Aside from the references I provide above, which took all of one minute and to which I’m sure I could delve much further, as could you by the way, and should have, there is the numerous times that the majority of teams tried to band together and threaten to leave F1 and form their own series. This type of stuff has been so common throughout F1’s history that it makes your ‘garbage,’ just to throw one of the terms you’ve used against RBR back at you, seem ‘childish, unprofessional, and just sounds out right silly,’ to quote you again.

      Please provide the quote where they say effectively ‘Engine freeze or we quit.’

      1. Meant to say note that the middle reference is an article from 2003. Then Renault appears again in 2015. As I say I spent all of one minute finding these. There are many many more.

      2. Is this clear enough…

        “ According to a report from Germany’s Auto Motor und Sport, if Red Bull’s demand is not met, Helmut Marko would pull both of the energy drink’s teams out of F1, a drastic measure that would leave Grand Prix racing with just eight teams on the grid and a heavily dented image.”

        https://www.google.co.uk/amp/s/f1i.com/news/387230-red-bull-threatens-to-leave-f1-without-2022-engine-freeze.html/amp

        I have not included the original I am US article because I do not speak German, but F1 I is a very reputable Formula One website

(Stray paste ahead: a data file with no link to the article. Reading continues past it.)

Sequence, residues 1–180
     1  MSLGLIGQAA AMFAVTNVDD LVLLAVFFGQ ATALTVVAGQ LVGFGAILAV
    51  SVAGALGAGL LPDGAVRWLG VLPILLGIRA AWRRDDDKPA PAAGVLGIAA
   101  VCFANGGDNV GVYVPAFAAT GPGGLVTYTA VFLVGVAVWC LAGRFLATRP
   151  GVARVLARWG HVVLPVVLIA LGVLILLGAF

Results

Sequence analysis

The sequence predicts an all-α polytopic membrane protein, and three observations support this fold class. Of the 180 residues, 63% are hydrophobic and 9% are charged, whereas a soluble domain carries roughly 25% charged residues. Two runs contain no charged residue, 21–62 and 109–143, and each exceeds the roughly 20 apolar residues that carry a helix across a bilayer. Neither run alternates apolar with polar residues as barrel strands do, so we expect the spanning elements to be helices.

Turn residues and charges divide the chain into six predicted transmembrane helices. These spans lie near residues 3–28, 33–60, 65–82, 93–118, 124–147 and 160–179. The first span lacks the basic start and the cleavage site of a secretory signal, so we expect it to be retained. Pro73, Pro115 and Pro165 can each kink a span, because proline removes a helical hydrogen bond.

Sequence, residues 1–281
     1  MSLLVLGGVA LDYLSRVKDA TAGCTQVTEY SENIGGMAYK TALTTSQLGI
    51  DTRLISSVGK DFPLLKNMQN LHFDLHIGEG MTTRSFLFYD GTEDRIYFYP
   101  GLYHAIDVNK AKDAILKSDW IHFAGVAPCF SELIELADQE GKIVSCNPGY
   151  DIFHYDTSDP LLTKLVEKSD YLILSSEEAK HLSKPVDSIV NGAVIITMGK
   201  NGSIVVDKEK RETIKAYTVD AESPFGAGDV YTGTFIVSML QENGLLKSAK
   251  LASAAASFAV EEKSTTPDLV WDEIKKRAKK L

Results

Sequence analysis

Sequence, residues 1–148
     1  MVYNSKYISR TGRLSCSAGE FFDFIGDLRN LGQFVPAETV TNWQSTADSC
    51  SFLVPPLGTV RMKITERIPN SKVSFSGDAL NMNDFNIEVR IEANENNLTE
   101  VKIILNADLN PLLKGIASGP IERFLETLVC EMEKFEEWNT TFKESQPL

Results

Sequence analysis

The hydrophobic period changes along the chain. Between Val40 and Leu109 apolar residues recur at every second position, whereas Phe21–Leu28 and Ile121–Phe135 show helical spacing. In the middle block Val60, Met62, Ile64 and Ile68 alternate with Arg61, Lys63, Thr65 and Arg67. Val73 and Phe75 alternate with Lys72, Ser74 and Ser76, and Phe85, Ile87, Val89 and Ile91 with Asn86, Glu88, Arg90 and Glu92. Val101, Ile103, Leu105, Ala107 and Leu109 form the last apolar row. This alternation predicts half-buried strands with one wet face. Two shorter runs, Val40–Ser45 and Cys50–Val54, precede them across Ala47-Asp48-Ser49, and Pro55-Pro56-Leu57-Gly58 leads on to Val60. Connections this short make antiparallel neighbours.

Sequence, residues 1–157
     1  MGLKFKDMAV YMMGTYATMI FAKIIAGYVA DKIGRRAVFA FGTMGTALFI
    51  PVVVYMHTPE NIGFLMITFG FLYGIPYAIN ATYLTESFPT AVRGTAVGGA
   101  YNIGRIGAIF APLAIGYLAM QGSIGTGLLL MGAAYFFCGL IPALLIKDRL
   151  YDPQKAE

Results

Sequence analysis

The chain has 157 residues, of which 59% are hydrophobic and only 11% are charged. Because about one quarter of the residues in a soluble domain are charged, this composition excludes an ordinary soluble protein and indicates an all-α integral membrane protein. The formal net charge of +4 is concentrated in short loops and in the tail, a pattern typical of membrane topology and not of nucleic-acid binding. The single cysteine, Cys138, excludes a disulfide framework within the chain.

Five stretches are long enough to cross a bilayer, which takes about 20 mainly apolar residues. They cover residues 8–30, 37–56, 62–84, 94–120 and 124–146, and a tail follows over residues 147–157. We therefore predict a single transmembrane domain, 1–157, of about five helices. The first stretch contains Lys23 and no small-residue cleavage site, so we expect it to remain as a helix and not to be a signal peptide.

You are correct, I have Vigourously defended my original comment. I made a comment, people replied to me, I reply today. It’s called having a discussion

        What I have not done is made any personal insult or attacked anybody for making comments.

        I accept your apology for stating that I am the one crying, however I am not crying, I am simply making a statement of fact, as my quote above points out and stating that I find it unacceptable given the fact I find it highly unlikely RB would have actually quit

        And yes, I did attack you in my response as you attacked me. I am perfectly within my rights to defend myself and a personal attack

        1. *That original AMuS article, not US article (that’s spell checks fault 😂)

          1. @the-edge First off, I did not apologize for I feel there is nothing for which to apologize. Interesting though that you have read an apology into my response. You seem to enjoy reading into things what you want.

            Secondly, you have not made any statement of fact. You have cited an article that contains not one quote from RBR/Horner/Marko. This is an article from one week after Honda announced their departure. It might be a reputable website according to you, perhaps according to many, I don’t know, but the fact remains it is using verbiage such as ‘reportedly’ and ‘according to a report.’

            There is not a single quote in this article so I ask you again for the direct quote that has anyone from RBR literally giving F1 the ultimatum that you claim. This is important because you reluctantly admit that others have done the same as RBR but not with an ultimatum attached, which I think is likely highly debatable if we were to truly delve into all the things said over the years, but suffice it to say you need to provide the exact quote of their alleged ultimatum in order to support your argument. Otherwise it just sounds like rhetoric from someone who just doesn’t like the team and wants to read into it what he pleases.